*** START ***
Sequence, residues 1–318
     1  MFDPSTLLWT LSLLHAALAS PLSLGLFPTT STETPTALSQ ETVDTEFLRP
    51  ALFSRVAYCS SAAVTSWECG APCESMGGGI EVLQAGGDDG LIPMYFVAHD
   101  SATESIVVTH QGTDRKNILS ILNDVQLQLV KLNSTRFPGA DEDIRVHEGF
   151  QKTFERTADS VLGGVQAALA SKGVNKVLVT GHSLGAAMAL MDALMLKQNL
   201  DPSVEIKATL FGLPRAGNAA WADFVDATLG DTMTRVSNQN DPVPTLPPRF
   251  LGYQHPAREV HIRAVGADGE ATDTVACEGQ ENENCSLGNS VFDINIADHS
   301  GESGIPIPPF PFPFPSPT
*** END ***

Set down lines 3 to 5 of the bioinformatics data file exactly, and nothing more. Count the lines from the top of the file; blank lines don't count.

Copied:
    51  ALFSRVAYCS SAAVTSWECG APCESMGGGI EVLQAGGDDG LIPMYFVAHD
   101  SATESIVVTH QGTDRKNILS ILNDVQLQLV KLNSTRFPGA DEDIRVHEGF
   151  QKTFERTADS VLGGVQAALA SKGVNKVLVT GHSLGAAMAL MDALMLKQNL